One Major Reason the Consumer Metaverse Is a Long-Term Vision: The Technology Isn’t Ready for It

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By Michael Inouye | 3Q 2022 | IN-6655

Challenges adapting to peak streaming demands, along with negative receptions of proto-metaverse platform graphics, highlight the need for a longer runway to the metaverse. Networks, devices, and services are not yet ready or optimized for the eventual deluge of touchpoints enabled by devices like smart glasses. Rather than obsess about these hurdles, however (technology and networks continue to advance), companies need to focus on the nearer-term and controllable elements like business models and user digital identities in order to extract value today and prepare for the longer-term future.

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HBO Max's Streaming Issues for House of the Dragon and Meta's VR Graphics Point to a Long Road Ahead

NEWS


Meta began expanding its Horizon Worlds virtual platform to Europe and most recently (August 16) announced it had extended the platform to France and Spain. Horizon Worlds was also launched in the United Kingdom, Ireland, and Iceland, in addition to the U.S. and Canadian markets. Market expansion, however, wasn’t the focus of many news articles and comments, it was the poor reception of Horizon World’s graphics. This is not the first time Meta’s virtual spaces and avatars have faced criticisms, but the significant divide in graphical quality between these “proto-metaverse” platforms and the broader gaming industry is indicative of the ground the industry needs to cover. A limiting factor is the hardware (smartphones and Virtual Reality (VR) Head-Mounted Displays (HMDs) versus Personal Computers (PCs) and consoles), but other aspects like networks and compute will need significant development as well.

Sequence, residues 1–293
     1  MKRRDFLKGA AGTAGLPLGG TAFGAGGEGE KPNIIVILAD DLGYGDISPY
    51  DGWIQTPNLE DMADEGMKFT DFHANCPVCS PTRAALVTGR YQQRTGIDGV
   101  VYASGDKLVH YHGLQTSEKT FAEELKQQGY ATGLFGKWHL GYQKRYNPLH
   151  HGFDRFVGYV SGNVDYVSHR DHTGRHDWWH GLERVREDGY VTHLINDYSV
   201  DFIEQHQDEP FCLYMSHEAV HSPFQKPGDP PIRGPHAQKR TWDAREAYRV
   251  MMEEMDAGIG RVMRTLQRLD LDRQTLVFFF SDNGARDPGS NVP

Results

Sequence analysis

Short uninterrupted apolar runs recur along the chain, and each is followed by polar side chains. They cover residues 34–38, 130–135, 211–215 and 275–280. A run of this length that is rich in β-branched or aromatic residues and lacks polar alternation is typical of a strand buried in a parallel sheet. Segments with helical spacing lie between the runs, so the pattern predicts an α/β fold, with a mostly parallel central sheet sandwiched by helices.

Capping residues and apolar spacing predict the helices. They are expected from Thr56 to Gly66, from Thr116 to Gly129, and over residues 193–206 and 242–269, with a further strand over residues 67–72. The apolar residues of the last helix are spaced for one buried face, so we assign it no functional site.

In comparison to the consumer metaverse the video streaming market is significantly more mature and, at this level of maturity, one might expect many of the past issues to be largely worked out, but some issues remain. Give credit where credit is due—streaming quality is significantly better than when YouTube first burst onto the scene and long gone are the days when viewers anticipated/accepted poor streaming performance or service issues. As more live streaming feeds hit broadcast-level latencies and consumers stack subscription services, the total spending and feel of the bundle starts to look like a direct replacement for traditional pay TV. One area that still falls short, however, is service scaling.

Case in point is HBO Max’s recent launch of its highly anticipated House of the Dragon series, which faced service issues; a similar problem arose with Netflix and its Stranger Things series as well. While this issue speaks to a unicast delivery system versus multicast or broadcast, the development of the metaverse will not only place tremendously higher demands on connectivity and compute, but will potentially see significantly more cases of peak demand (e.g., smart glasses users in public at special events). Today’s networks are far from supporting this level of demand and when you factor in how today’s consumer “metaverse graphics” are viewed, you start to see just how long the runway needs to be before the consumer metaverse fully takes flight.

Big Transformational Changes and Opportunities Coming, but Expect a Slow Burn

IMPACT


A challenging crypto market, coupled with economic concerns, curtailed some of the hype surrounding the metaverse and certainly Web3. Large companies and brands like Nike, McDonald’s, Addidas, Walmart, Under Armor, and others, however, have already invested or experimented in the nascent metaverse, giving credence to some of the hype, but also future business models like virtual to physical with customers ordering food (or any good) in the virtual space and having it delivered in the real world. In some ways, these companies are hedging against the future, while receiving additional exposure for these trials and investments.